‘Slip and chip’ case finds in favour of the fallen

Date: Mar 16, 2012

A greasy chip on the floor of a shopping complex has been the centre of a compensation case involving personal injury lawyers that has been brought up to the top level of the justice system.

The High Court of Australia has recently passed a ruling on the case that found in favour of the victim – an amputee – who claimed she slipped on the discarded food item in September 2004.

According to the claimant’s case, the tip of one of her crutches landed on the greasy chip and slipped out from under her, causing her to fall heavily to the ground.

As a result she suffered injuries to her back – in particular her spine – and while the official court documents provided do not go into extended detail, it is easy to imagine the pain and the impact it had on the victim’s quality of life.

Initially the case was heard by the NSW District Court, which found in favour of the claimant as the company responsible for keeping the area clear of trip hazards had failed to do so.

She was awarded a compensation payout in excess of $500,000 to help take into account her medical expenses as well as the pain and suffering she endured as a result.

However, while the company in question did not deny that it had a responsibility to keep the sidewalk in question clear of spillages and debris, it did question whether or not it was responsible for the fall in question.
Taking the case to an appeal, the corporation disputed the initial decision, basing their case on the fact that it had a policy in place that required the area outside its store to be cleaned every 15 minutes.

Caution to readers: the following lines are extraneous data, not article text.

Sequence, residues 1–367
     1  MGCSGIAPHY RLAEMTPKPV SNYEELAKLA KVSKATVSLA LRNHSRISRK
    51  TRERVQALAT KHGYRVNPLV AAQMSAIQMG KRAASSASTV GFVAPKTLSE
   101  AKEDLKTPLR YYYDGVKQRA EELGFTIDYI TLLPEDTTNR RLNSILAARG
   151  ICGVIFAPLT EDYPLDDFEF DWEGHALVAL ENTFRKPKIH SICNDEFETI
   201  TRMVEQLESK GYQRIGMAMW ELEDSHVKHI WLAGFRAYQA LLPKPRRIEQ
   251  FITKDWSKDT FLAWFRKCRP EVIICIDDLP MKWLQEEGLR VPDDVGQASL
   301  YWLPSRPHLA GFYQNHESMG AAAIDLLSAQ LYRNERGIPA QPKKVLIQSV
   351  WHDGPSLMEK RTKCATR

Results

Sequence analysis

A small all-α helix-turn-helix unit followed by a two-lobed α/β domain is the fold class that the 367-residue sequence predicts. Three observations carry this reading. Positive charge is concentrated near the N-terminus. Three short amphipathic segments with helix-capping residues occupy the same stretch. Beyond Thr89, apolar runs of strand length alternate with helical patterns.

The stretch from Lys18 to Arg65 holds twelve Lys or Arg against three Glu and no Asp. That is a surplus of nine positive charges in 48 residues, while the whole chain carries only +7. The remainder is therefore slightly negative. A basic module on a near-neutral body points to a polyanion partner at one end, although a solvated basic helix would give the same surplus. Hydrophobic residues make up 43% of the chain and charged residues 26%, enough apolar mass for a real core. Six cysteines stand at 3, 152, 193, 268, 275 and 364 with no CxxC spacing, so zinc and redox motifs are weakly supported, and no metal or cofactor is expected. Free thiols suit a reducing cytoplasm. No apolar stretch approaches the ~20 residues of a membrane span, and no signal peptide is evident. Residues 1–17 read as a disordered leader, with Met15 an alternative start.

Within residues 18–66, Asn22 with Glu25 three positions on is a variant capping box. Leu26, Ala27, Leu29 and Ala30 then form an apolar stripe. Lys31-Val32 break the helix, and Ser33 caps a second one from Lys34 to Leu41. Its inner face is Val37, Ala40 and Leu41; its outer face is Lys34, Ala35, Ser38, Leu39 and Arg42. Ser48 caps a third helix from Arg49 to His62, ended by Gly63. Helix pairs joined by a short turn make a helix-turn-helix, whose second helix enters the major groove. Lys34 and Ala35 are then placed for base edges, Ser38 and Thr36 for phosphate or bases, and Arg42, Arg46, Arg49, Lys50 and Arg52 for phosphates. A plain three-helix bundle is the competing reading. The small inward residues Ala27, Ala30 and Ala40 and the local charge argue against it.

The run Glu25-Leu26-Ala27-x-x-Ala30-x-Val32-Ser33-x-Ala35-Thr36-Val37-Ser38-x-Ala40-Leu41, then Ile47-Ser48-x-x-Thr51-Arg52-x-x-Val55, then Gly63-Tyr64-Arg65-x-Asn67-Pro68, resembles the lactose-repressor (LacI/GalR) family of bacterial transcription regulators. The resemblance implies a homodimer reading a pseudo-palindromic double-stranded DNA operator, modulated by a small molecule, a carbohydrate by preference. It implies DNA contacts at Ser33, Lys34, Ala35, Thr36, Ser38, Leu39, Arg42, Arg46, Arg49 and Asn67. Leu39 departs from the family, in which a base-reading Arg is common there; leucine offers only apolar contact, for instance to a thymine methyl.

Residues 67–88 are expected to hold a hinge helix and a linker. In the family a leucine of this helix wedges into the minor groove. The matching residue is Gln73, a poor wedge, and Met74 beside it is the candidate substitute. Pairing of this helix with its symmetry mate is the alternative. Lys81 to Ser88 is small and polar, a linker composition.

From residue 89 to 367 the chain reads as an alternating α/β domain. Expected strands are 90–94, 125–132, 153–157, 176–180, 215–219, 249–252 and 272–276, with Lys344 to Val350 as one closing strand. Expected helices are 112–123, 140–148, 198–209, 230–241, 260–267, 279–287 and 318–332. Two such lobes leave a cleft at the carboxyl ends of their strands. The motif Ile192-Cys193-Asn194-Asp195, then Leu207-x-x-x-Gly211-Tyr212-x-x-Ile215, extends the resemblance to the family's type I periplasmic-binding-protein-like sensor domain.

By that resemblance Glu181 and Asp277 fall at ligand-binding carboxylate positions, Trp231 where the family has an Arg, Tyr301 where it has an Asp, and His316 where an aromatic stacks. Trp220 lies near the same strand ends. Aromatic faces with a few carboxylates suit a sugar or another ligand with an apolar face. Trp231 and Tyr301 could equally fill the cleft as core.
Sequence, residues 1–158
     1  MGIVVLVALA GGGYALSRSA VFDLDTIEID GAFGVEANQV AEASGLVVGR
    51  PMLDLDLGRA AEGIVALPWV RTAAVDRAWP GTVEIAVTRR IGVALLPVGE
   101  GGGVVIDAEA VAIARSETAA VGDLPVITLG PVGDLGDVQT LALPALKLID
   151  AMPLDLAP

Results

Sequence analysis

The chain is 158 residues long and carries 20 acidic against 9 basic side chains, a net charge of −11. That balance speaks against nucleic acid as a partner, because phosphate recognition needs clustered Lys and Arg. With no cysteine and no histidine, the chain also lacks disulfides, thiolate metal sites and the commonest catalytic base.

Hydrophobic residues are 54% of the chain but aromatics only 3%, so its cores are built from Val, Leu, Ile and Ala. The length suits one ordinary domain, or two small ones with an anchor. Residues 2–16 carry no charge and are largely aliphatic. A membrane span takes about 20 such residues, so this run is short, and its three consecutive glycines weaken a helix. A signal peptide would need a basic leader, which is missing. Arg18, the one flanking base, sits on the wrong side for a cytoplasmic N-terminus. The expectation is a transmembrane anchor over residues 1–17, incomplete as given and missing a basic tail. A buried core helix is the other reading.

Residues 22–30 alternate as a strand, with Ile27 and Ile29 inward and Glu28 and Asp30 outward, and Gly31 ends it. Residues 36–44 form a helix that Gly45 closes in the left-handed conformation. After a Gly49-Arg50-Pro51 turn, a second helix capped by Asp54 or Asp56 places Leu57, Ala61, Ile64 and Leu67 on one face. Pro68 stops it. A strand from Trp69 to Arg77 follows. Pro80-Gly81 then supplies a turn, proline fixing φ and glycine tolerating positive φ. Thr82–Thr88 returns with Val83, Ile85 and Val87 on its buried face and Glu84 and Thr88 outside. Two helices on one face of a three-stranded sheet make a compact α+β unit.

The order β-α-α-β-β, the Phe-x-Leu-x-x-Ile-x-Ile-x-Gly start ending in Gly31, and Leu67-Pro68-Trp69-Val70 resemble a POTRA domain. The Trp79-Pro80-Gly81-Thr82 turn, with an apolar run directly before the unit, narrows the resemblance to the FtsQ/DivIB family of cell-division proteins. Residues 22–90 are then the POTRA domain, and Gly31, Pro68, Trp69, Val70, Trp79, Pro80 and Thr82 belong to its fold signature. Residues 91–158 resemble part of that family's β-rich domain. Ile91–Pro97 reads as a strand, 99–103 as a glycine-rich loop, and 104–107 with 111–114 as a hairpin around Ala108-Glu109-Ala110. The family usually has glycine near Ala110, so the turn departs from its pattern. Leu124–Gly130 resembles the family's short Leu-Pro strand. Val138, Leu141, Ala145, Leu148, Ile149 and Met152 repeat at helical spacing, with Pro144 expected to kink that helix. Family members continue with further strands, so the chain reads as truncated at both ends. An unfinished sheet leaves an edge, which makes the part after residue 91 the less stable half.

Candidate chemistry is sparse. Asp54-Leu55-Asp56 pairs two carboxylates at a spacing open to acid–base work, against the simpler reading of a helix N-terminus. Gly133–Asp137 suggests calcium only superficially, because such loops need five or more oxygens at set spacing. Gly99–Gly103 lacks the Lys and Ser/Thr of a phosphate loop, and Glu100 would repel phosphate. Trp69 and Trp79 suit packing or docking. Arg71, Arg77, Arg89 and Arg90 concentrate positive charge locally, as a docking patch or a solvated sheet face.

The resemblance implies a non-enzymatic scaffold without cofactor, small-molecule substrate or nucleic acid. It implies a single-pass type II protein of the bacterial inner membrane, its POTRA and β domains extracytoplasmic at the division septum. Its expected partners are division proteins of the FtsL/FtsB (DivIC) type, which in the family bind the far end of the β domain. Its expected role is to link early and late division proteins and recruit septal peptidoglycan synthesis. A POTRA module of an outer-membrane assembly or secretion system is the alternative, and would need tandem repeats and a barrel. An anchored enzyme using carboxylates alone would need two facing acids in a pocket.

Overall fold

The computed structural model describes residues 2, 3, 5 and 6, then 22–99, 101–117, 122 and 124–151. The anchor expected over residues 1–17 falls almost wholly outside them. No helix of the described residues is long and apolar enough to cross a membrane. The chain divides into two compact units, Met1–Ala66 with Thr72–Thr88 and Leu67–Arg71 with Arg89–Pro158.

It asserted that it had lived up to its obligations to reduce risk of harm to members of the public by ensuring that the area was cleared of refuse on a regular basis.

While the appeal was successful, the victim was not satisfied with the outcome and decided to take her case to the High Court in Canberra.

She was successfully able to prove that the company in question was negligent in its duty of care, because the simple fact that the chip was not cleaned up after it had been dropped – presumably during lunch – despite the clear dangers it represented to members of the public.

The case asserted that – had proper cleaning actions been undertaken – then the chip would not have been on the floor and the victim’s crutch would not have slipped away, meaning that the accident would never have occurred.

As such, the High Court overturned the initial appeal and reinstated the compensation payment amount of $580,299.

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